Casino resorts? Braman says don’t buy the hype
BY NORMAN BRAMAN
I believe “destination resort casinos” are an assault on the quality of life of our community and must be well-scrutinized and defeated lest we lose the advantages our community has struggled to offer its citizens — and its tourists. One only need examine the promises that were made to other cities regarding casinos and gambling, and compare the results to those promises.
There is a reason they are called “destination” casinos: they maintain control of their patrons by virtue of “comps,” discounts and other incentives for their numerous on-site, casino-owned operations, including restaurants, shops and entertainment venues. They are loath to see patrons leave their facilities even to have a meal. Thus, in Atlantic City most retail establishments, including restaurants, no longer are in business.
Jack Lowell, who wrote exuberantly in a Nov. 10 column in support for the Genting Group’s Singapore operations, leaves many questions unanswered. He has refused to identify the South Floridians who accompanied him on that Singapore junket and who paid for it.
On the subject of disclosures, shouldn’t Genting, which bought The Miami Herald and Omni properties, as well as the Las Vegas casino operators who want to open casinos here, disclose the names of the lobbyists they have hired, the amount of money they have pumped into campaign coffers of our legislators and what PACs these companies have established or contributed to in an effort to sway public opinion?
It is not in Miami’s best interest to become another Las Vegas, with an unemployment rate at 14 percent and a leader in housing foreclosures. Compare those facts with Lowell’s statements about Singapore’s so-called “economic boost,” and contrast it with Miami-Dade County, where, without big-time gambling, hotel occupancy is booming.
Moreover, supporters of casinos ignore the huge costs we will have to bear for infrastructure improvements and ongoing public safety. Miami does not need to become a magnet for the type of undesirable individuals who are drawn to a gambling community, where crimes such as murder, prostitution, robberies and drugs become more prevalent. According to the Detroit Free Press, several communities near casinos reported more child neglect and spousal abuse.
We have made great strides over the years. We have become a destination for regional and hemispheric bank headquarters and financial institutions from all over the world and are on the cusp of establishing a viable bioscience presence. These types of businesses, which create quality positions paying significant salaries, are non-existent in Las Vegas and Atlantic City.
When casino supporters speak about jobs, they fail to state that the average salary of these “thousands of jobs” (many of which would be transferred to Miami from their other casinos) would average $33,000 a year, as Genting’s President Colin Au told me. That is hardly enough to buy a home or educate one’s children. This is not to denigrate our hard-working residents or any job. I know how tough times can create difficulties for our people. I merely seek to compare businesses and the potential futures they offer. Research has shown that more local businesses and jobs are lost to a community as a result of destination resort casinos than are created.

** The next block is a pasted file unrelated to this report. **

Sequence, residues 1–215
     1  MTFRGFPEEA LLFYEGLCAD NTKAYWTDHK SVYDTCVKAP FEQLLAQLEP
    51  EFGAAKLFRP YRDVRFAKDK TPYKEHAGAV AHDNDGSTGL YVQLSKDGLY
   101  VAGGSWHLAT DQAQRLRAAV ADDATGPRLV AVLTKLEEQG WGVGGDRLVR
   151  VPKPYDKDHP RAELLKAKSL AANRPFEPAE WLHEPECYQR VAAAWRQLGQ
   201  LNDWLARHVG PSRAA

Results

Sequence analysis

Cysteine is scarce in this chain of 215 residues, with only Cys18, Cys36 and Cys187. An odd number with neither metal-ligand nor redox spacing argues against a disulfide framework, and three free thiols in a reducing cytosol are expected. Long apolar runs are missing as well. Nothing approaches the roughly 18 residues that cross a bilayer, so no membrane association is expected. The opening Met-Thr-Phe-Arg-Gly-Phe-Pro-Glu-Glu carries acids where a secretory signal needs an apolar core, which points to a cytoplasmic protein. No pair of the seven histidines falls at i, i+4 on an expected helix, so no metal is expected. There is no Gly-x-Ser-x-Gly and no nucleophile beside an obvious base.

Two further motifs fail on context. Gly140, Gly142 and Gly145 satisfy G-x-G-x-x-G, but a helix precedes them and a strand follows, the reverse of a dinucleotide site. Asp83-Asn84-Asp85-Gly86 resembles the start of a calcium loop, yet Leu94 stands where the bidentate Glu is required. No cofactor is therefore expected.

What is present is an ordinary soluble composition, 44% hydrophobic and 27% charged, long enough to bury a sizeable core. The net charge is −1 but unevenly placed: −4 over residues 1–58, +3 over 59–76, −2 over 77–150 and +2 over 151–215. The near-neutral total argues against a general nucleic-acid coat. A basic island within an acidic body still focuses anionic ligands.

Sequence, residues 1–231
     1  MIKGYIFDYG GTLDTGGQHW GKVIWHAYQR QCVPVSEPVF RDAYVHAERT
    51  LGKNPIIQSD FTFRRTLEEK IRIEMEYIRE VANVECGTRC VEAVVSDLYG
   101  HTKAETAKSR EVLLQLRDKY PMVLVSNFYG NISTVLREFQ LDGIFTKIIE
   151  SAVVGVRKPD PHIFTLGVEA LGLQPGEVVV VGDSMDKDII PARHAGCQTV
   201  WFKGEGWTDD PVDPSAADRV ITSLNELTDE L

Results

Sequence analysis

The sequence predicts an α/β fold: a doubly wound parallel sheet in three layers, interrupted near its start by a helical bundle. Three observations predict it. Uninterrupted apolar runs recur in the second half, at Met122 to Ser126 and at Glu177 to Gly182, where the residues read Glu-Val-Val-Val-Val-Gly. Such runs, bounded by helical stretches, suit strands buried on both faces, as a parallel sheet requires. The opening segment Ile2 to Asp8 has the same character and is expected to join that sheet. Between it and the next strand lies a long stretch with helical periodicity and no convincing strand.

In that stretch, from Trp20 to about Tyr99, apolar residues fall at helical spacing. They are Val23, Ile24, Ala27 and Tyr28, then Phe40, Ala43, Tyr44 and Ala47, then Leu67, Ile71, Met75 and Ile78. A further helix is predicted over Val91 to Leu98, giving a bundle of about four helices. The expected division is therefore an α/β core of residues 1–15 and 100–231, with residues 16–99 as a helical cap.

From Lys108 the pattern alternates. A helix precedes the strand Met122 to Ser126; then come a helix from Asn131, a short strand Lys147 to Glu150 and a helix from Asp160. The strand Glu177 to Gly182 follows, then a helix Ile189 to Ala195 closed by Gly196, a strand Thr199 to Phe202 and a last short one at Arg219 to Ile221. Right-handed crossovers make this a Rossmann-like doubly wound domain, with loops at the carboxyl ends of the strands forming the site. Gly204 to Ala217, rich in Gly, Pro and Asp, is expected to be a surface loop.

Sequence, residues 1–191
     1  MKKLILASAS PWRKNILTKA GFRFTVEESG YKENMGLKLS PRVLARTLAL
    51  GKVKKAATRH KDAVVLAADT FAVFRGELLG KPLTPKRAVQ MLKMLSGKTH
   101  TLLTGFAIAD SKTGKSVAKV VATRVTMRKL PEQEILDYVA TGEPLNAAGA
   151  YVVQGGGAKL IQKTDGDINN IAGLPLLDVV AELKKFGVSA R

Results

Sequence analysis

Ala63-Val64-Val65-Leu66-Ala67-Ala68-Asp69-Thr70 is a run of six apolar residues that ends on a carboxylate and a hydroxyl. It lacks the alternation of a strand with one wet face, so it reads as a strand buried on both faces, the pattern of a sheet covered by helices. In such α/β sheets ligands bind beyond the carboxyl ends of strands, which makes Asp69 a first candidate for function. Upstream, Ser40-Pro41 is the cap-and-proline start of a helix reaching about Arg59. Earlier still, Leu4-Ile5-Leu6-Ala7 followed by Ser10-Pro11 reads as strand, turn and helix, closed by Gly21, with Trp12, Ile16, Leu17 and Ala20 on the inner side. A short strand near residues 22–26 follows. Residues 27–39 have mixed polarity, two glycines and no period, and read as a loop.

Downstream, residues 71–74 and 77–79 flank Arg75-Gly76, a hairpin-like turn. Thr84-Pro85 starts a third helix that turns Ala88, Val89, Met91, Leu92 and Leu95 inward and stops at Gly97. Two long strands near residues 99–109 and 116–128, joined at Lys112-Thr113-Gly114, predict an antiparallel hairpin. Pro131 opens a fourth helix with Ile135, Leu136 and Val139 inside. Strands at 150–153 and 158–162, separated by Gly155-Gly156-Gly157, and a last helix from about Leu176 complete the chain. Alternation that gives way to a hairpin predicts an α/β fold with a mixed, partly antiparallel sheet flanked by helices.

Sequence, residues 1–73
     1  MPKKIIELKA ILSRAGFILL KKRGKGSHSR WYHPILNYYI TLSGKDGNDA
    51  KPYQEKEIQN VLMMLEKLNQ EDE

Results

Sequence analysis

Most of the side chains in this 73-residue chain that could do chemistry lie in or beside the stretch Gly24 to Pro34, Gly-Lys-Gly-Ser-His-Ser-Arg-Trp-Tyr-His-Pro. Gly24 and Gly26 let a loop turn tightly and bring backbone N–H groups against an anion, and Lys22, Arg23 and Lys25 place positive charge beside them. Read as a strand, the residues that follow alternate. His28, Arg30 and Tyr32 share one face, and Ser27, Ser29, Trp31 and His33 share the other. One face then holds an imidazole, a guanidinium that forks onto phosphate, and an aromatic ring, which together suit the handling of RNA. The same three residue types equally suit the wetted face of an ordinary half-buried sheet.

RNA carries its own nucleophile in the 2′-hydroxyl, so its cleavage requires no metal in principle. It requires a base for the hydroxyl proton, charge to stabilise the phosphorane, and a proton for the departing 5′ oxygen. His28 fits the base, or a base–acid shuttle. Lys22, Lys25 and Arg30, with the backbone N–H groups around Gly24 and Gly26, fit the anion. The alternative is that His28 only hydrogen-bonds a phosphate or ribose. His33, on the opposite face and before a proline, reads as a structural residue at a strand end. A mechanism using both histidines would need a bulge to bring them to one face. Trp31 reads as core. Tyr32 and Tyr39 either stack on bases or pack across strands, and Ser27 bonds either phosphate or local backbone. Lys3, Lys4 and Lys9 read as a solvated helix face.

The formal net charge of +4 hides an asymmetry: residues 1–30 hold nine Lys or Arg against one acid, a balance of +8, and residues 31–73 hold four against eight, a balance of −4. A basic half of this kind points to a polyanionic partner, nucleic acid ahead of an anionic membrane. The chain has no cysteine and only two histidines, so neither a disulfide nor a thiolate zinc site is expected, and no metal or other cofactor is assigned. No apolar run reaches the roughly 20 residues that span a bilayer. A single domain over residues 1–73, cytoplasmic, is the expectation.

Miami benefits from world class culture. Art Basel Miami Beach, which is celebrating its 10th anniversary this month, is universally recognized as the premiere art fair in the United States and will bring to our community 40,000 visitors from all over the world. The new Miami Art Museum now is under construction and the Museum of Contemporary Art has announced a major addition. Our Miami Science Museum will be built soon. Miami also has gained greatly from all the events at its world-renowned Adrienne Arsht Center, including becoming the winter home of the Cleveland Orchestra, one of the five great orchestras in the world.
And who can forget the wonderful addition of the Frank Gehry New World Center, which recently opened in Miami Beach to heralded acclaim or the Miami City Ballet and New World Symphony Orchestra, both of which are recognized worldwide. None of our civic and cultural achievements is compatible with a Las Vegas/Atlantic City/ Singapore gambling mecca. The Genting Group’s Singapore casino is located on an island and there are major restrictions on residents from entering the casino. Monte Carlo has become a refuge for tax evaders and a haven for white-collar criminals.
Lowell and others protest South Florida’s Indian gaming, store-front “games of skills” enterprises and pari-mutuels as being unregulated and frequented only by locals. Their cure? Bring in big-time gambling for well-heeled tourists! This is a non-sequitur. Why isn’t enforcement of existing laws the cure for any illegal local gambling, if it exists?
If we accept the reasoning that three casinos will generate $6 billion of investment plus 30,000 jobs, why not have 10 casinos to generate $18 billion of investment plus 90,000 jobs? Why stop at three?
What are we afraid of? If it is the destruction of our quality of life, as I suggest, then shouldn’t we prohibit big-time gaming casinos entirely? Our state legislators should not risk destroying our community.
I fear that passage of legislation sponsored by Rep. Erik Fresen and Sen. Ellyn Bogdanoff not only will transpose Miami into another Las Vegas and our state into another Nevada. It will create a malignancy that will attack our wonderful, culturally diverse community that we have worked hard to create. Sure, we have a way to go to strengthen and protect it. We are working on that. However, we must guard against any supposed quick fix.
Norman Braman is a businessman and civic leader.